If career planning at your office is starting to resemble an episode of “Survivor,” you’re not alone.
More employers are sparking internal competitions by posting job openings online and encouraging interested employees to apply. The internal horse races that ensue open up new career opportunities for many, but also risk leaving angry, dispirited runners-up in their wake.
“It’s a really great thing” if these rivalries give employees fairer, faster access to new opportunities, says Minneapolis executive coach Kevin Cashman. “But they create a bit of a monster” if employers fail to provide career-planning help and support for those who lose out, says Mr. Cashman, global head of Korn Ferry’s CEO development practice.
It’s possible to emerge a winner from one of these bake-offs even if you don’t get the job. But it requires some careful career planning and social skill.
Pitting insiders against each other can give rise to destructive tension. Kristen J. Zavo and several hundred other consultants in her division at a previous employer vied annually for a handful of openings for new director positions. Politicking among candidates seeking to align themselves with the most powerful internal allies led to backbiting and undermined co-workers’ trust in each other, Ms. Zavo says.
The rivalry intensified the pressure consultants already felt to work 80-hour weeks. And those who lost out were left seething over the outcome, she says. She resigned after the stress began harming her health. Ms. Zavo is a Cincinnati career coach and author of “Job Joy,” a book about finding meaning and satisfaction in work.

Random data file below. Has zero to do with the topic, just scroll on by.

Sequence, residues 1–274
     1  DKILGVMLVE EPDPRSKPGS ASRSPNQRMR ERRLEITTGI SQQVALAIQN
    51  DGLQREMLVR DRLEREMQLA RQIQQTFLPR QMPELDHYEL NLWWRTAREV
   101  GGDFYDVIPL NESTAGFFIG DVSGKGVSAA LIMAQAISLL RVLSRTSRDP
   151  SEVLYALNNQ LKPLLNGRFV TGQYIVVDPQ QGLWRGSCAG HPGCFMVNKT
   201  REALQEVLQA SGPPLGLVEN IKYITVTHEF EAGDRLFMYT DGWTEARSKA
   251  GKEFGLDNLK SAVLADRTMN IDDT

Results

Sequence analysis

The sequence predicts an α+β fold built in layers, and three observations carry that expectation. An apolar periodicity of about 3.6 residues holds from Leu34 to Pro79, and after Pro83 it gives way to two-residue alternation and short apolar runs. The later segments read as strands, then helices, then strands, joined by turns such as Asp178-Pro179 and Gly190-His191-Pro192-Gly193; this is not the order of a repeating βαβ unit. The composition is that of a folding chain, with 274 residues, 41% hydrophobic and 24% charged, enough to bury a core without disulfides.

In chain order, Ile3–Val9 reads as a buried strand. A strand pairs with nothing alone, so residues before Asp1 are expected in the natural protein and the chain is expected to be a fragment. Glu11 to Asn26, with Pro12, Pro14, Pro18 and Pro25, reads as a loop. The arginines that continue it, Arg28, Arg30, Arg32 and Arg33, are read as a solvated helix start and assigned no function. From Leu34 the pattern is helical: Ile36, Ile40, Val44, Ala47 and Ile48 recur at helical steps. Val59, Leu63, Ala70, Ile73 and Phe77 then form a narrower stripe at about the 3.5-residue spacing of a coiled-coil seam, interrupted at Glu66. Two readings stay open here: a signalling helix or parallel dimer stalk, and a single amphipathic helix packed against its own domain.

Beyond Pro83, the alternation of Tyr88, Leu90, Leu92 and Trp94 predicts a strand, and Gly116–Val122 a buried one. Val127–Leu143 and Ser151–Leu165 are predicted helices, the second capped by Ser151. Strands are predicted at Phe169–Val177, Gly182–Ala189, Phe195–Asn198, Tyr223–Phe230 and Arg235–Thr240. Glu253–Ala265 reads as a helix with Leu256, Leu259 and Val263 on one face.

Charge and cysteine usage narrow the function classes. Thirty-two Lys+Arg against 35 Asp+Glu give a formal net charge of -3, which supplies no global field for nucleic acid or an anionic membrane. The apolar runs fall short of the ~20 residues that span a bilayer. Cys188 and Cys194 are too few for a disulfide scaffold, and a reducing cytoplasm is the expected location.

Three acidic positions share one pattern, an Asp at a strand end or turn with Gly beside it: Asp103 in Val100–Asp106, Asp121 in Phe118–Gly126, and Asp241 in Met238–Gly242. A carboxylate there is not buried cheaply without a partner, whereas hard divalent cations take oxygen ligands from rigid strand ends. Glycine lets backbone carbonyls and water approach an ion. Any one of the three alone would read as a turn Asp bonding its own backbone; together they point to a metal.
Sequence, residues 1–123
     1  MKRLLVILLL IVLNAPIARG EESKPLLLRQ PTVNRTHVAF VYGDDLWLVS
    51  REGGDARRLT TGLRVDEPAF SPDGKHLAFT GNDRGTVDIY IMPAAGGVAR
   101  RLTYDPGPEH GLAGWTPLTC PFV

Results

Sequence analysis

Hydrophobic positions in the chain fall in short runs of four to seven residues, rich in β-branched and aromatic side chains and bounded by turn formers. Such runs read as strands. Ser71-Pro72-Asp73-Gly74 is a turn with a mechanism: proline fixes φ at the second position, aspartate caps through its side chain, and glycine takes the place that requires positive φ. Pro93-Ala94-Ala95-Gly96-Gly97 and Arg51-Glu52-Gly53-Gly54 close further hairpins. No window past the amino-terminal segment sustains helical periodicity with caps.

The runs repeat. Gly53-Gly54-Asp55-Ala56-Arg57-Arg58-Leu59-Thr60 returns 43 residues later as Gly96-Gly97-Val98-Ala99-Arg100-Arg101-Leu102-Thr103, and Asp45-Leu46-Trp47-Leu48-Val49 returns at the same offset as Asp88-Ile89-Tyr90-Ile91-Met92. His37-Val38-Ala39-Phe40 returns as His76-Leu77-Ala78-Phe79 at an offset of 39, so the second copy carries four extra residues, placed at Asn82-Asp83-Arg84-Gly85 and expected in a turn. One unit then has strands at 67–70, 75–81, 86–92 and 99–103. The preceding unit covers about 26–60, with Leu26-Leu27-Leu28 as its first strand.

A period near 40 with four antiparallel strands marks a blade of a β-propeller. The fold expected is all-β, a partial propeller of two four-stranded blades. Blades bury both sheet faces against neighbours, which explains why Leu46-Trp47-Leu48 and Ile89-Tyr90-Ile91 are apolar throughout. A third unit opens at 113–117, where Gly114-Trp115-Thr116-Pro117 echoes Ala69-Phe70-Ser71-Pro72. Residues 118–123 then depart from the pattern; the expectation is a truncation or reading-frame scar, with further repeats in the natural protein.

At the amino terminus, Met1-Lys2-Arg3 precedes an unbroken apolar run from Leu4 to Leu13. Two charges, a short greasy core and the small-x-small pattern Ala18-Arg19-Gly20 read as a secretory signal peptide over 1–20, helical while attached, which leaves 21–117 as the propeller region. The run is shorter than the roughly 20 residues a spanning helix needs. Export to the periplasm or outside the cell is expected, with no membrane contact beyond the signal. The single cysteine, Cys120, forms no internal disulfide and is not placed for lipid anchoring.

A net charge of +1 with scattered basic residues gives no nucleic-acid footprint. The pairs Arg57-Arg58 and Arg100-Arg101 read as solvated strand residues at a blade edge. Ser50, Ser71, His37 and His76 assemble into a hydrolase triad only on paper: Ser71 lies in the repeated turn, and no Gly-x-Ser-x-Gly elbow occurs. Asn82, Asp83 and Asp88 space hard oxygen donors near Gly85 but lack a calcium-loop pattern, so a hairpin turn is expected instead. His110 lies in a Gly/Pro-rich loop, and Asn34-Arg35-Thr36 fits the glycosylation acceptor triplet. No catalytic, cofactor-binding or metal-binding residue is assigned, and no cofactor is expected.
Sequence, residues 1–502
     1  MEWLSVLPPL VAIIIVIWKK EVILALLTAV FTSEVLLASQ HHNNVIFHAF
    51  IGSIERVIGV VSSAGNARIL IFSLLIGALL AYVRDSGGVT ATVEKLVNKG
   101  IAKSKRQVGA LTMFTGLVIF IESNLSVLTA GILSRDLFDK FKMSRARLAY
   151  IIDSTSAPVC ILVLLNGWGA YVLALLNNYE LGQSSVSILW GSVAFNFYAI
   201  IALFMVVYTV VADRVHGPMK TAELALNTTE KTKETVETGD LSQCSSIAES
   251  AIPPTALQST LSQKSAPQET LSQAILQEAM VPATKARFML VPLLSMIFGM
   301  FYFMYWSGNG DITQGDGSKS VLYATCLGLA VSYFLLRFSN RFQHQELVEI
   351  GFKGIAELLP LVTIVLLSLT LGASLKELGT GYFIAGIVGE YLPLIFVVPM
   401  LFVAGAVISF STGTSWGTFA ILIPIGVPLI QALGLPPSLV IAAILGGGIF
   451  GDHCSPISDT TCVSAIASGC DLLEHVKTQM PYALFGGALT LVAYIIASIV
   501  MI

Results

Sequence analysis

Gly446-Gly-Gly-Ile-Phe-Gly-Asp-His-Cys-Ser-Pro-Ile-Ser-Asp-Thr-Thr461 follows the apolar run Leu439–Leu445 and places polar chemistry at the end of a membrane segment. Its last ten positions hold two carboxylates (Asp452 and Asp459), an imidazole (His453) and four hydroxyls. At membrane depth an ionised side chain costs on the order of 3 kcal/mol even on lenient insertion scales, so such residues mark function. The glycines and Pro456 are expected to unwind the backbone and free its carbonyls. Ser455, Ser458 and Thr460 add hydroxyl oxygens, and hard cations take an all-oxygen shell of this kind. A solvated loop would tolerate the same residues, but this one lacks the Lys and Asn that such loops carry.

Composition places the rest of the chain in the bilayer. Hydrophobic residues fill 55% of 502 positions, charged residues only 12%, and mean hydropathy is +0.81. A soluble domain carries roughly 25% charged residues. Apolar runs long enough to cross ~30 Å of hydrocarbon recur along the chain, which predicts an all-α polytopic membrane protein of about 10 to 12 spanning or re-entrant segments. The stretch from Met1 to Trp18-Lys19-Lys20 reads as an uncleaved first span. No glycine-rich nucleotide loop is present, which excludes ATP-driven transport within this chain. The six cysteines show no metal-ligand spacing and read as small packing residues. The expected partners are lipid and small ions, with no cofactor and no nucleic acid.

The takeaway for her: Employees shouldn’t join such battles without first figuring out what they’ll do if they don’t get the job. They also should size up each opportunity based on how well it fits into their own long-term career and personal plans.
Employers tapped current employees to fill 21% of all 2017 job openings, up from 11% the previous year, according to a survey of more than 700 employers by SilkRoad, a Chicago-based talent-management technology company.
Posting jobs internally attracts a larger pool of highly qualified applicants for hiring managers to choose from, compared with allowing managers to handpick candidates on their own, according to a 2017 study of 8,107 internal hires at a large health-insurance company.
It found that employees who win the job are 17% more likely to stay with the company for at least two additional years, and 28% more likely to be promoted within three years, compared with managers’ handpicked candidates. JR Keller, an assistant professor of human resources studies at Cornell University, conducted the study.
Many employers also hope internal postings will attract a more diverse applicant pool and help address concerns over racial, ethnic or gender bias.
But internal postings risk driving losers out the door. Also-rans in Dr. Keller’s study were 2½ times more likely than the average employee to quit the company in the ensuing six to 12 months, according to unpublished follow-up research.
As employers replace old career ladders and predictable promotion schedules with more flexible internal postings, career-planning responsibility is falling to employees. And many of them aren’t ready. “People just don’t know how to build careers within organizations,” Dr. Keller says. Without some career-planning help, “the only way to figure out what your opportunities are is to actually apply,” he says.